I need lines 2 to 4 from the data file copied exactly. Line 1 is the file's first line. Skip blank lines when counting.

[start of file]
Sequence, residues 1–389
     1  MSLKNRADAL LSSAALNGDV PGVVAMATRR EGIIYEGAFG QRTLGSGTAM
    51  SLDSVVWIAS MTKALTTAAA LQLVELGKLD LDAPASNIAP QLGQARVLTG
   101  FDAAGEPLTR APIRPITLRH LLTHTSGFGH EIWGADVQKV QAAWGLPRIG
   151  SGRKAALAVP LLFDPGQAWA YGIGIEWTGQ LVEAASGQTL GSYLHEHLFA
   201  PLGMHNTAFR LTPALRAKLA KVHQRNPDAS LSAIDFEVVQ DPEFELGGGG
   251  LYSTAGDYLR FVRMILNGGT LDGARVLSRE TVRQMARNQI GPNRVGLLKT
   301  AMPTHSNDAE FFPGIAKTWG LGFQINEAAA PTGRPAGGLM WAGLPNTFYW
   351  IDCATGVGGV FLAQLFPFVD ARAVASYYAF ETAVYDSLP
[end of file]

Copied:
     1  MSLKNRADAL LSSAALNGDV PGVVAMATRR EGIIYEGAFG QRTLGSGTAM
    51  SLDSVVWIAS MTKALTTAAA LQLVELGKLD LDAPASNIAP QLGQARVLTG
   101  FDAAGEPLTR APIRPITLRH LLTHTSGFGH EIWGADVQKV QAAWGLPRIG